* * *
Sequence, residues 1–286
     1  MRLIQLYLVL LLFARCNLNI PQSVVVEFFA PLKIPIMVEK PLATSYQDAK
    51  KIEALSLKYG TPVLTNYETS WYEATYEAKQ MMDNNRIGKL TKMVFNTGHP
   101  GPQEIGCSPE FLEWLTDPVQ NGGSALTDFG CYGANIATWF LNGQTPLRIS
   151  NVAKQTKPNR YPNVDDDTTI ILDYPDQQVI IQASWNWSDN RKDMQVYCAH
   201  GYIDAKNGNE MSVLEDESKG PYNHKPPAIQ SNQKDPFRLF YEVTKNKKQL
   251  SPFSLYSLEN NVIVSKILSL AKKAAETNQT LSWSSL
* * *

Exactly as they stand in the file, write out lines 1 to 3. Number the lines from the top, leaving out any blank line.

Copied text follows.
Sequence, residues 1–286
     1  MRLIQLYLVL LLFARCNLNI PQSVVVEFFA PLKIPIMVEK PLATSYQDAK
    51  KIEALSLKYG TPVLTNYETS WYEATYEAKQ MMDNNRIGKL TKMVFNTGHP